What's with the leg thing? - Page 2



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Thread: What's with the leg thing?

  1. #21

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    Re: What's with the leg thing?

    i remember 3 reasons for this action.1st to get the riders weight as low as possible (standing on the inside peg) . the 2nd a way for the rider to gauge the angle of the lean. 3rd bike doesn't have to lean as much. allowing the rider to go faster.
    i always thought it was the 1st more than anything .i hope theres a speed demon on this board that can confirm the myths from the facts.

  2. #22

    Re: What's with the leg thing?

    Nobody can say for sure, but your 3 reasons don't make sense.

    For the first one I assume you meant 'standing on the outside peg', since the inside leg is dangling. Regardless, it just doesn't add up in terms of physics. Your weight is in your body, it doesn't change location unless your body moves. Putting more load through one arm or another, or one leg or another, doesn't move your body it just tenses different muscles. Putting more load on a different part of the bike may affect the bike's reaction to other forces but it doesn't do a thing to lower your weight on the bike.

    The second might make sense if the rider were dragging a foot across he ground, but usually they just dangle it. They also don't particularly care what angle they're leaning, that's not something they typically want to spend any of their attention on trying to figure out. It's not useful information for getting around the corner quickly.

    The third doesn't make sense because outside supermoto they never hang their leg out through the corner. Even in supermoto it's hard to see how a leg straight out as low as possible could be lower than a knee down with the feet on the pegs.

    I never heard an explanation that made sense until I read this;
    Quote Originally Posted by jcbarnar View Post
    According to Simon Crafar it's to help balance the bike while trail braking because the chasis wants to pivot around the headstock to the outside when the rear end gets light. Often times the rear wheel is off the ground if you google it which supports this theory
    So the inside leg sticking out as far as possible may add weight to the inside to counteract the force pushing the bike to the outside going into a turn. Maybe someone will test that theory somehow, but likely it will always remain conjecture.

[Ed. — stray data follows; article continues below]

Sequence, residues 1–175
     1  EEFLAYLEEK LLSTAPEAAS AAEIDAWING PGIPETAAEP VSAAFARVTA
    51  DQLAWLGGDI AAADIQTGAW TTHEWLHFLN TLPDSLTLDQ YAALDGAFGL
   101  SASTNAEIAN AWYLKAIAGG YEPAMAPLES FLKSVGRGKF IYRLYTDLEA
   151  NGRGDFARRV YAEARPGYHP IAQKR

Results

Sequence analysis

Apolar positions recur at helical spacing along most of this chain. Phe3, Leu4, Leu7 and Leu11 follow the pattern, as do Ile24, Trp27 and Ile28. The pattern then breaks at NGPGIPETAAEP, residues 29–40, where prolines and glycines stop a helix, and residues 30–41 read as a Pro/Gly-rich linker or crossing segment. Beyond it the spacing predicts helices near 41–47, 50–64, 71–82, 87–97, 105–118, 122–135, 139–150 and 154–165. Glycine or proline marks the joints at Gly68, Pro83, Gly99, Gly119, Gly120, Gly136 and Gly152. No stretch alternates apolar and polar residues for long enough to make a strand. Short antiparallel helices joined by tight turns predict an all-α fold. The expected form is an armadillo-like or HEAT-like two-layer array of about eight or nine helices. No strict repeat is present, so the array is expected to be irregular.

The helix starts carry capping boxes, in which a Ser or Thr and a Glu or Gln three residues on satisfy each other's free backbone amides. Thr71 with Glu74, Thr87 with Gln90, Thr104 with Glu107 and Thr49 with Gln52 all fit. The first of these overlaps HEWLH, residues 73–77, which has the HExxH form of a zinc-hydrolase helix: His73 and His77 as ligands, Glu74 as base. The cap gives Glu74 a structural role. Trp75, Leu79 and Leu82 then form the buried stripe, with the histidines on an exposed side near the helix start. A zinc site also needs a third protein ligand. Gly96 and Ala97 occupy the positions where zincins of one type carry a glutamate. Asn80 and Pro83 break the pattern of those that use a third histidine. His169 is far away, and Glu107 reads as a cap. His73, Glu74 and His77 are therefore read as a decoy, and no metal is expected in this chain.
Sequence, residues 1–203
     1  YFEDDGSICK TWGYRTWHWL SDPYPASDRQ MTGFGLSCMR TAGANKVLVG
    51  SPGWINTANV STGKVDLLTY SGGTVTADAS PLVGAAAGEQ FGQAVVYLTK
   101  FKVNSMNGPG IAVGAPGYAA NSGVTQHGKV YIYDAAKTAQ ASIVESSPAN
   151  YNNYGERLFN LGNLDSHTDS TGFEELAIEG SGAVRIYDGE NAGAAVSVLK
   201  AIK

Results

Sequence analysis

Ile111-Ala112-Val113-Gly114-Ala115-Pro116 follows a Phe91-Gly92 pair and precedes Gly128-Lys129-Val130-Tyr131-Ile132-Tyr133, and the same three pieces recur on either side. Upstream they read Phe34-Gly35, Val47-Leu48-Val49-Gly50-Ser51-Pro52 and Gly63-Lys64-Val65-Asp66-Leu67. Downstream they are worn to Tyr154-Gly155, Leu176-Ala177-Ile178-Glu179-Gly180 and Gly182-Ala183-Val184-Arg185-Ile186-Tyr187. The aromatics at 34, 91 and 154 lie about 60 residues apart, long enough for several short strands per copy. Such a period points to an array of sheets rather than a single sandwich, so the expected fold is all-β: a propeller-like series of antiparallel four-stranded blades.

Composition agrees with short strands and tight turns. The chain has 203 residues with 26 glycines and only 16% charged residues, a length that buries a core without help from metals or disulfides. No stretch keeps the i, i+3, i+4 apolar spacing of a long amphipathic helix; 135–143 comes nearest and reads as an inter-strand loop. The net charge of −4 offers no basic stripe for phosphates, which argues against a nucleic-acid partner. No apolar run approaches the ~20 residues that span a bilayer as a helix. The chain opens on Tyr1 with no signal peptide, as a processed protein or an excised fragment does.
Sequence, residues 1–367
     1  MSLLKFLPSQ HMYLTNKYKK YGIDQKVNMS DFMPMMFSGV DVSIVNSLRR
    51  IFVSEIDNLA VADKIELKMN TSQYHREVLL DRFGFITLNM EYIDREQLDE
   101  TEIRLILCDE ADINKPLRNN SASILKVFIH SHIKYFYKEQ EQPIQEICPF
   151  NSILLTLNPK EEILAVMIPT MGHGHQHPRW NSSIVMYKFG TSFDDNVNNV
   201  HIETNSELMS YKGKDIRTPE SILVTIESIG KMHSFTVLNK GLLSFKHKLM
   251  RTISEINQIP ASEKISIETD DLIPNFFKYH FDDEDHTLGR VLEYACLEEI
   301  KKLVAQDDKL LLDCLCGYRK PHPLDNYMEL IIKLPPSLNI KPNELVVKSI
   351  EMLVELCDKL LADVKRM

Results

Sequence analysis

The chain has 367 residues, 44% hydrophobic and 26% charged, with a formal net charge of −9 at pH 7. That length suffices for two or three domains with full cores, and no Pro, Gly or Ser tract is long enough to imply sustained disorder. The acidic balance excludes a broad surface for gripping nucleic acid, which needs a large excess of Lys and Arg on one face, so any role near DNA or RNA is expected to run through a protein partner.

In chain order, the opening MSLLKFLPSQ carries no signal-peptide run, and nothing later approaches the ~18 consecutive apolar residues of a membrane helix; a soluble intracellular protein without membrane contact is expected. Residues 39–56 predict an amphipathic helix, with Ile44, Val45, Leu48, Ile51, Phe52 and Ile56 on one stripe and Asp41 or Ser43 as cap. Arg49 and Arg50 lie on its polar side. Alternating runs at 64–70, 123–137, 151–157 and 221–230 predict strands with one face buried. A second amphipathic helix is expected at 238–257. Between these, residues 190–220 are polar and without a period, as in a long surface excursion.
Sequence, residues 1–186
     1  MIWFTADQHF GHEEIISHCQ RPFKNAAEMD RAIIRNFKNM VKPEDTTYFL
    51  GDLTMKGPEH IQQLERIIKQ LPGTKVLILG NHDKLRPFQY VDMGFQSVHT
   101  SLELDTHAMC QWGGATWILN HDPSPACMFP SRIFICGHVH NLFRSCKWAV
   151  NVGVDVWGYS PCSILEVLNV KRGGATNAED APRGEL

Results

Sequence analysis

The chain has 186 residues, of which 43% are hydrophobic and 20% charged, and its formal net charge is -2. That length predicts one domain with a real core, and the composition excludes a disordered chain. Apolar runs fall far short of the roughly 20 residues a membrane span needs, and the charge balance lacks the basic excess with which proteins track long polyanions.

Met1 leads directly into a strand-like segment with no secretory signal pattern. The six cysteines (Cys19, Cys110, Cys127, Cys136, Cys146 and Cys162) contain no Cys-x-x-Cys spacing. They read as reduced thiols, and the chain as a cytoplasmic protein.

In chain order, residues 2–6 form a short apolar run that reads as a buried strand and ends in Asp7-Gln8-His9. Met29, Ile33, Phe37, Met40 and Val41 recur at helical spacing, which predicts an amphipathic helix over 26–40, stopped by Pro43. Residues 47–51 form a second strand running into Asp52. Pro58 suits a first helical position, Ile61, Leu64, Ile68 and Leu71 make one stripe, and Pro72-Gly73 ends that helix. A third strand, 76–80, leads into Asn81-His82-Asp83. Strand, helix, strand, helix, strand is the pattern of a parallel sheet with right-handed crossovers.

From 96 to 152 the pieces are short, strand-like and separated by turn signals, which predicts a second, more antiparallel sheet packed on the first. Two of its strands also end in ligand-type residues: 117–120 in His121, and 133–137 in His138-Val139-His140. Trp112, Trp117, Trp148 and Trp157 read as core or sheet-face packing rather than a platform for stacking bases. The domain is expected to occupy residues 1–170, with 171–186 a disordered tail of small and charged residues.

Last edited by fastar1; 06-26-2017 at 06:26 PM.
    The odd times I felt I'd approached the truth, it rested on the premise that people are essentially good and smart.

  3. #23
    Riceburner's Avatar
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    Re: What's with the leg thing?

    IIRC, Rossi stated that the telemetry didn't show any difference if he did it or not, but it felt right to do it. I don't run 200 km/h in a turn, so can't say.

  4. #24

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    Re: What's with the leg thing?

    Why drag knee?

    MZ Scorpion racebike in turn 2 at NHMS (Loudon), 2005.
    www.owensracingphotos.com

    It is true that one reason people drag their knees in corners is to say they can and to have the photos and scuffed knee pucks as evidence of their awesomeness. But, the real reason why knee dragging exists is to provide a lean angle gauge. If your body position is consistent from corner to corner, all day long, then you can reliably use your knee as a measuring device. Here are the various things you can measure:

    • How far over you’re leaned…sort of like a lean angle protractor.
    • As a quick-turn gauge: When you touch your knee can measure how quickly you are initiating lean.
    • Your corner speed: How long your knee remains on the ground measures your corner speed and the duration of your established lean angle.
    • How early you are “picking the bike up” as you exit the corner. This can also indicate how early and hard you are getting on the gas.
    • As a learning tool to become faster and more consistent. If you touch down earlier, this indicates that you are getting your bike turned quicker.
    • As a reference point measuring device. After you have a track dialed in, when and where your knee touches down should be consistent from lap to lap.

    Another use for having your knee on the deck is to save a crash if your motorcycle starts to slide. I’ve rarely ever used this tool to save a sliding bike, but having a third point of contact can relieve the overtaxed tires enough to save you from a crash. It doesn’t always work, but it is certainly worth a shot.

  5. #25
    kellen's Avatar
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    Re: What's with the leg thing?

    I saved a front end slide once with a knee. It's like way down the list. I rarely drag a knee.

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  6. #26
    dricked's Avatar
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    Re: What's with the leg thing?

    I think the leg dangle has been adapted to road racing after so many riders have been training flat track. Once you start sliding the bike with your leg out it becomes second nature.

    As for dragging knee, I don't know if my knee has touched more than 10 times this entire season. I know I'm leaned over by the feel of the bike and how it's sliding and moving under me. My suit will wear out before my knee sliders.

  7. #27
    Neil_V's Avatar
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    Re: What's with the leg thing?

    Came up on a street rossi with my Buell a few years back; had to roll out of it big time to keep from running into his backside while he made all kinds of weird shapes trying to keep his knee on the ground.
    2013 Aprilia RSV4 R APRC

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